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Thursday, November 04, 2004

Zinn in The Nation: "The Optimism of Uncertainty"

Forwarded to me by Prasad just now:

The Optimism of Uncertainty
by Howard Zinn

Posted September 2, 2004 on TheNation.com
More on Zinn in a future post. For now: click here for more of Zinn's writing, and add A People's History to the reading list.

Got to start reading The Nation. I was already planning to put up the following, which I came upon in this DailyKos post. As Meteor Blades did in that post, I urge everyone to read it:

editorial | Posted November 4, 2004
Stand and Fight


In fact, just bought a subscription to The Nation.

1 comment:

prasad said...

More from the Nation. Bush bashers from the left would do well to have a ready response to Chris Hitchens piece on why he's voting (now, I suppose voted) for Bush. Hitchens is taking the long-term, Trotskian view ("permanent revolution") and hailing George II as the unwitting initiator of a sea-change in the region, perhaps like Napoleon two centuries ago, whose imperial ambitions led to the unhinging of Latin America from Europe's imperial yoke. At the least, one is forced to answer the question, if you were a radical republican (small r) in Iraq, would you support American intervention for regime change? Not a particularly easy one to answer. Its no longer 1789 and the Bastille cannot be stormed with bodies and a few muskets. Regimes like Saddam's have an insuperable technological advantage, and with succession plans intact (Uday/Qusay) a stable and unpleasant equilibrium was likely in place. A pact with the demons to fight the devil may well have given them, in Gramsci's terms, room to maneuver. The second half of Hitchens argument is that the war with Islamic revanchist elements is the historical struggle of this century, and all other political issues take a distant second place. Also a difficult claim, one to which I have no easy answer as to its ends, but many disputes concerning the means. For the best writing I've read on Islamic Fundamentalism, see the essays of the late Pakistani intellectual Eqbal Ahmad.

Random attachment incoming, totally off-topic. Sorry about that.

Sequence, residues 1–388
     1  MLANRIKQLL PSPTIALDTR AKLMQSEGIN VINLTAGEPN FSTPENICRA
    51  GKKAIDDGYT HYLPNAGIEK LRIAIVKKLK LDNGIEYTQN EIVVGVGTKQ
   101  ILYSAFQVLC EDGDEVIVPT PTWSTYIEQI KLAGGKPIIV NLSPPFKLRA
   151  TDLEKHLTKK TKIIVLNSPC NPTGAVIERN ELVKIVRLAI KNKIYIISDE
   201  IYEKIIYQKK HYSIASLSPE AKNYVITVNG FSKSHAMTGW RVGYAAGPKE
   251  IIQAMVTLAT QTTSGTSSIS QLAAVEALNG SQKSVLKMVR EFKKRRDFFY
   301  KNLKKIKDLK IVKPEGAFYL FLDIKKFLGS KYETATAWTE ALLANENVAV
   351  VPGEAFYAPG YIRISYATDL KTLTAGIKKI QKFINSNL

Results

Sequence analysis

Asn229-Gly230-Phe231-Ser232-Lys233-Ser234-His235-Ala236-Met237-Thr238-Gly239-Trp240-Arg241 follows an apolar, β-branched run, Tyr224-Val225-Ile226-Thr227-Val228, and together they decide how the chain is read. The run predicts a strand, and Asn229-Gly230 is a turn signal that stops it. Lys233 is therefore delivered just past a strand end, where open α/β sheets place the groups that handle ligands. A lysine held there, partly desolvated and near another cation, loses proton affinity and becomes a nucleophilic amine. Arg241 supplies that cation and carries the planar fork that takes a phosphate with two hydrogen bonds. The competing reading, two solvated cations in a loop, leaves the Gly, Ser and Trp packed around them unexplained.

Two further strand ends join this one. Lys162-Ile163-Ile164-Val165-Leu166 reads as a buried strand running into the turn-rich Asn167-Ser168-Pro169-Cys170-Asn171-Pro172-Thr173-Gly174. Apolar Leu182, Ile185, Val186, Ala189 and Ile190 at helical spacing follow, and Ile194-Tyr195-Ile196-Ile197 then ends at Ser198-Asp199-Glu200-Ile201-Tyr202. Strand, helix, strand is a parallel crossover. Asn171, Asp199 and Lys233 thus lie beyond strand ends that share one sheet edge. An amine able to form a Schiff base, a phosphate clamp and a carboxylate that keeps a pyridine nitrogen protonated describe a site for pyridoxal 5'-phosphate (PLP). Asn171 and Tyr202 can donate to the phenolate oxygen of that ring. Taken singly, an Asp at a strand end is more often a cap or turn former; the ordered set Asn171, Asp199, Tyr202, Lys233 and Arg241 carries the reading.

prasad